Sen. Dick Durbin (D-Ill.), chairman of the Senate Judiciary Committee, said Tuesday that he’s still holding out hope that Republicans can find “common ground” for advancing President Joe Biden’s judicial nominees ― without axing the committee’s so-called blue slip rule, which allows a single senator to sink a judicial nominee from their home state.
It’s not an official Senate rule. It’s a committee tradition, a senatorial courtesy. Durbin could do away with it today if he wanted to. How does it work? Senators literally turn in a blue piece of paper to the committee to signal their support for advancing a nominee from their state. If both of a nominee’s senators turn in their blue slips, the nominee gets a hearing. If only one turns in a blue slip, or neither, the nominee doesn’t get a hearing.
Durbin would have good reason to stop with this tradition. Republicans ignored it for appeals court nominees in 2017 when they were in the majority, and Donald Trump was picking judges. Now, Republicans are routinely blocking Biden’s district court picks by simply not turning in blue slips to the committee.
Democrats returned more than 130 blue slips during the Trump administration, confirming 84 district judges in states with at least one or two Democratic senators. More than two years into the Biden administration, Republicans have returned just 13 blue slips. That was as of last month.
“Well, it’s still up in the air,” Durbin told HuffPost on Tuesday when asked how he’s feeling about continuing to honor the committee’s blue slip rule.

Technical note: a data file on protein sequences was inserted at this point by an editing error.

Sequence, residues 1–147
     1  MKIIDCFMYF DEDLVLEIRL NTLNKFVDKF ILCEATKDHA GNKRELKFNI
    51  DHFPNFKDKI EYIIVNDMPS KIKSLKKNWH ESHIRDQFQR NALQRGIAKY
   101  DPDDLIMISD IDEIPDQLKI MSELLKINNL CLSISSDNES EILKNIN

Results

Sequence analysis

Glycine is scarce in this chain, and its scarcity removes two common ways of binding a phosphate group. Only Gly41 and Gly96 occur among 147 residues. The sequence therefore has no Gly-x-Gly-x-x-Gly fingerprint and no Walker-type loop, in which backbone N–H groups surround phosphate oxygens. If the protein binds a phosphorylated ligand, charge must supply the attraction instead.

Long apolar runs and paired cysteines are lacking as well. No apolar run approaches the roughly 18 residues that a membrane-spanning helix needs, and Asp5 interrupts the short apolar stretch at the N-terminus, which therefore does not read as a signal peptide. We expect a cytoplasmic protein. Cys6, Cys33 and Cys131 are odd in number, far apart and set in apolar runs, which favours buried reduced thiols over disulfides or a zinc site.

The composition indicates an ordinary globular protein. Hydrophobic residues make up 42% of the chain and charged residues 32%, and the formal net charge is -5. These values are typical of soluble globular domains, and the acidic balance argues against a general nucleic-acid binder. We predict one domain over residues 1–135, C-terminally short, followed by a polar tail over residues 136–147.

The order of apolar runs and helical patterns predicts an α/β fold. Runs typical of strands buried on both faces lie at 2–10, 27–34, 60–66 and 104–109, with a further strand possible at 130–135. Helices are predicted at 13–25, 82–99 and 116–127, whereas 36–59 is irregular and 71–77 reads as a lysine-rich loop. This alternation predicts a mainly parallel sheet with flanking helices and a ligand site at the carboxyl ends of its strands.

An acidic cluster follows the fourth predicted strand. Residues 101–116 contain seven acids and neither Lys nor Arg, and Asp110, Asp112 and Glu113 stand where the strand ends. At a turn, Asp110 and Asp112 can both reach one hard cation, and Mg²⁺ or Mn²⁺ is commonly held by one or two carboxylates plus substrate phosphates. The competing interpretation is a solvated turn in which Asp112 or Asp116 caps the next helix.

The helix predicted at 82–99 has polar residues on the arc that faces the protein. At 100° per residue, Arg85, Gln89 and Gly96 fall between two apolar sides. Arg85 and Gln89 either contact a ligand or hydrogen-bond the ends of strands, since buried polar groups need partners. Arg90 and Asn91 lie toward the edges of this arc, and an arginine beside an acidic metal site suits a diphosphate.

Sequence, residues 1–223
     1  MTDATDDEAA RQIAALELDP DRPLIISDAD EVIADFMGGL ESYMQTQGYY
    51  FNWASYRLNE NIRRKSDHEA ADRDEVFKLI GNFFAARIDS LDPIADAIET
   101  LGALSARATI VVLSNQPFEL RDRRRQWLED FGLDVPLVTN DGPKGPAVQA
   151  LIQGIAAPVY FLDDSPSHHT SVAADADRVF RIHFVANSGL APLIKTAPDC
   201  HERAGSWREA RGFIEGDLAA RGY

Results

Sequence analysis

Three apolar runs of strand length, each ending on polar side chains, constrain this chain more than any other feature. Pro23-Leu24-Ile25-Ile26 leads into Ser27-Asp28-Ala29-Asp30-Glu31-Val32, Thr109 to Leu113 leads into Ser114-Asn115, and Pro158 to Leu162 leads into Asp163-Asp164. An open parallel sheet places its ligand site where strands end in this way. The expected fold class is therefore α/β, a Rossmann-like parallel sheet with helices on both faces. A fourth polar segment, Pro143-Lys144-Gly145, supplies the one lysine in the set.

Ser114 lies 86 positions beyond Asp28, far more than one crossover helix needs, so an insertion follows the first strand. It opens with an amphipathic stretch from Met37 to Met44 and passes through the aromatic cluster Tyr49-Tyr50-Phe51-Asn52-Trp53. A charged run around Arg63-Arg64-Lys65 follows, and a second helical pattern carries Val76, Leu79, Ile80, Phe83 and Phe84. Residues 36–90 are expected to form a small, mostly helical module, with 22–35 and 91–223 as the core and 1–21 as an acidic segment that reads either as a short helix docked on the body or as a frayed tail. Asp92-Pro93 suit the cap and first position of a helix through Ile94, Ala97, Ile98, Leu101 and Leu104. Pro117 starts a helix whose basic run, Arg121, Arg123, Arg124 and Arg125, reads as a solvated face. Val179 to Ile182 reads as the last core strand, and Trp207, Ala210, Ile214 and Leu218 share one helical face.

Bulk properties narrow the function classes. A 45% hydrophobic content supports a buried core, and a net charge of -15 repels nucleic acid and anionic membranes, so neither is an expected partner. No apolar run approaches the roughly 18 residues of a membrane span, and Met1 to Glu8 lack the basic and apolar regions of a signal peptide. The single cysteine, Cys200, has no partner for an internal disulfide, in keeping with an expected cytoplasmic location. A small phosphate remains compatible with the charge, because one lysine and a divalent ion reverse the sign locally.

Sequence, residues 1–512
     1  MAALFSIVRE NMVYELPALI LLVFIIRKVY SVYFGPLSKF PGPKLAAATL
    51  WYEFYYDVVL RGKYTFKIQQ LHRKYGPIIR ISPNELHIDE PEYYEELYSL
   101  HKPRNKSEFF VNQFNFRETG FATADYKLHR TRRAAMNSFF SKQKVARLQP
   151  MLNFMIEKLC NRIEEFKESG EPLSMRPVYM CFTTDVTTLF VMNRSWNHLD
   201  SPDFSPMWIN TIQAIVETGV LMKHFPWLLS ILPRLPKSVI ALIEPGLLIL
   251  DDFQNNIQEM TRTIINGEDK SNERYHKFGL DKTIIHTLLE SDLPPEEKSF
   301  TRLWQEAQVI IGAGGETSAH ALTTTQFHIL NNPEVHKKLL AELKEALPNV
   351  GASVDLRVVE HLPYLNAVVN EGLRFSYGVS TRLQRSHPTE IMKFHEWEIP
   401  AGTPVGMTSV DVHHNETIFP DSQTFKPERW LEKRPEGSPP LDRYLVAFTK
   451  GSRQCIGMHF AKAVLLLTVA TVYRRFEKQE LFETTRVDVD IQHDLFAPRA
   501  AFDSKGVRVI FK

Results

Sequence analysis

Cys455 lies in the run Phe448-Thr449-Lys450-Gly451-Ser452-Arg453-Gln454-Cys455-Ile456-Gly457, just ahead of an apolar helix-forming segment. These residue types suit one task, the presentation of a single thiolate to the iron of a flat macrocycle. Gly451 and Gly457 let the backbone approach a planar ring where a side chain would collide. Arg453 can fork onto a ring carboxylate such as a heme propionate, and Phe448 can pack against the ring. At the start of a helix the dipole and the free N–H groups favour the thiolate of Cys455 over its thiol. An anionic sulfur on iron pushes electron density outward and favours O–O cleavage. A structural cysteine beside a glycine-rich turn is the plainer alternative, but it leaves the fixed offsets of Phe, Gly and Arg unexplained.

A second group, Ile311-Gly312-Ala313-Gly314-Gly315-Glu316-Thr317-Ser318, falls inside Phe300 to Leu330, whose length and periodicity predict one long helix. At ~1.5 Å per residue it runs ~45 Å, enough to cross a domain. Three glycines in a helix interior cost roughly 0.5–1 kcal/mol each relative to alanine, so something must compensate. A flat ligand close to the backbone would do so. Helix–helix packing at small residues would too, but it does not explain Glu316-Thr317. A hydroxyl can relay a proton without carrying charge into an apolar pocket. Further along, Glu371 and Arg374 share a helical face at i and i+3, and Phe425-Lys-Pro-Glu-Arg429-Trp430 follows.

Asked if he’s frustrated by Republicans not turning in blue slips and denying Democrats the ability to move Biden’s judicial picks, Durbin said with irritation, “Of course I’m frustrated!”
But frustrated to the point of seriously considering nixing the blue slip rule?
“We’re not at that point yet,” Durbin said, disappearing into a Senate elevator.
The Illinois Democrat had just presided over a Judiciary Committee hearing a few hours earlier, during which the panel heard from three of Biden’s judicial nominees. All had received blue slips from their home-state senators, including one Louisiana nominee, represented by Republican Sens. John Kennedy and Bill Cassidy.
Durbin took a moment to highlight this detail.
“The blue slip process has a long history, but there have been instances of success and failure in that process,” he said at the start of the hearing. “We have an illustration of success today.”
He added that he hoped his colleagues could “try to find common ground.”
Democrats on the Judiciary Committee sometimes get weird and uncomfortable when asked what they think about getting rid of blue slips.
“That is in the hands of Chairman Durbin,” Sen. Sheldon Whitehouse (D-R.I.) recently told HuffPost before walking away quickly. “I will leave it right there.”
“When it gets to the point that Republicans are just holding everything up on the district court nominees,” Sen. Mazie Hirono (D-Hawaii) said of her breaking point on axing the tradition. “I don’t think we’re there yet. For the moment, we’re OK.”
The Louisiana nominee in Tuesday’s hearing with blue slips turned in by both of his GOP senators, district court nominee Darrel James Papillion, is a bit of an outlier. Never mind that Republicans aren’t returning many blue slips ― it’s unclear how many court seats may be currently blocked, as senators can threaten not to turn in blue slips before the White House publicly announces any nominee ― but they may feel increasingly emboldened not to turn them in.
Democrats spent much of the last two years confirming Biden’s court picks from states led by at least one Democratic senator if not two. Blue slips weren’t a huge concern. Now, most of the seats left to fill are in states led by one or two Republican senators. This is a much different and more challenging path ahead for the Biden White House, and Republicans know it.
Currently, there are about 100 court vacancies and only 38 announced nominees by the White House. That leaves room for plenty of speculation about why there aren’t more announced nominees in the queue.